Human Rights Watch has just published a report charging that Israeli strikes in Gaza during the May fighting included significant war crimes. Too bad that the first case it cites, a bombing in Beit Hanoun, was actually due to an errant Palestinian rocket.
The ABC has published an article about Human Rights Watch’s latest anti-Israel report that is even more biased than the HRW report itself.
Recalling The New York Times' "They Were Only Children" toxic libel, Associated Press' photo essay today all but ignores Hamas' responsibility for the trauma inflicts on Gaza's children. By citing "precision-guided Israeli bombs" and ignoring the Hamas targets, AP falsely defames Israel with committing a heinous war crime: targeting children with precision bombs.
Photographer Peter Van Agtmael minimizes the effect of the fighting in May on Israelis while portraying Palestinians exclusively as victims.
CAMERA calls on senior executives of The Los Angeles Times to forthrightly repudiate the Open Letter signed by 500 media practitioners, including nine Times journalists, who advocate for partisan coverage of Israel and the Palestinians in total contravention of ethical journalism.
Much of the coverage and commentary surrounding the fighting in May between Hamas and Israel has focused on numbers, especially the much larger number of Palestinians than Israelis killed. But many Hamas rockets fell short and exploded in Gaza, causing an estimated 36% of the Palestinian deaths in the fighting.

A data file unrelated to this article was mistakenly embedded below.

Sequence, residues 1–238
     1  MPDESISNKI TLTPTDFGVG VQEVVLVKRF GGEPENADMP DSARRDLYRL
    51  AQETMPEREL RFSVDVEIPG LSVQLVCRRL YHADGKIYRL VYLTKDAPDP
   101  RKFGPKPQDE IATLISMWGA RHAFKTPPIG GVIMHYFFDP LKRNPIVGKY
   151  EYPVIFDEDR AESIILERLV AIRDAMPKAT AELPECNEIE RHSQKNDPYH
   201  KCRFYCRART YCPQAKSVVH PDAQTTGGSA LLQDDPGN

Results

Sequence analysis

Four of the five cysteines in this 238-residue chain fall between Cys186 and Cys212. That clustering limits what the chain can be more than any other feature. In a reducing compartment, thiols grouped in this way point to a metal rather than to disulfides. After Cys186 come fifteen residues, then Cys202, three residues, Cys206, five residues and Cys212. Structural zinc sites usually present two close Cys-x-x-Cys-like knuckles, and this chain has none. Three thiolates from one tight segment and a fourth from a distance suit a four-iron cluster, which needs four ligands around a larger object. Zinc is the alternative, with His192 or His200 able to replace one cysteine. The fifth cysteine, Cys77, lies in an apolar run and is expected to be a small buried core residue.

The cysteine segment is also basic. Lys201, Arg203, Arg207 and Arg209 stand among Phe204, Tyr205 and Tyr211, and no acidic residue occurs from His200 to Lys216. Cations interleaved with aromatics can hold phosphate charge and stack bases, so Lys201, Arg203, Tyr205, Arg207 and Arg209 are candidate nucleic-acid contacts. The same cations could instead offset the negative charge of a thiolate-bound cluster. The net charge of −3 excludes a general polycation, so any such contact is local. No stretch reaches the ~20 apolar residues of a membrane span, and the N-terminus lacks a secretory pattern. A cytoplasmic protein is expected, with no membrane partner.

Columbia Journalism Review, the ostensible beacon of ethical journalism, has failed to condemn the frontal assault on journalism’s most basic values, writes CAMERA's Tamar Sternthal in The New York Daily News.
As CAMERA highlighted in a recent National Review Op-Ed: For the Palestinian leaders who choose to promote them, intifadas are often self-defeating. Going back to the first intifada in the 1930s, anti-Jewish violence and terror often upsets the Palestinian political landscape—often sweeping aside, or weakening, the very Palestinian leaders responsible for inciting them.
In the fight between Israel and Hamas the rockets and bombs may have stopped for now, but what hasn’t even paused are the efforts by human rights organizations and certain pundits, politicians and comedians to condemn Israel for allegedly using “disproportional force,” ethnically cleansing Palestinians from Jerusalem, and being an apartheid state. All the charges are recycled lies and propaganda.
The most outrageous falsehood in Dalia Hatuqa's error-rife article is: "Gaza was pulverized by an 11-day-long Israeli bombardment in May." In fact, at most 0.2 percent (450) out of the territory's more than 186,000 buildings were damaged or destroyed.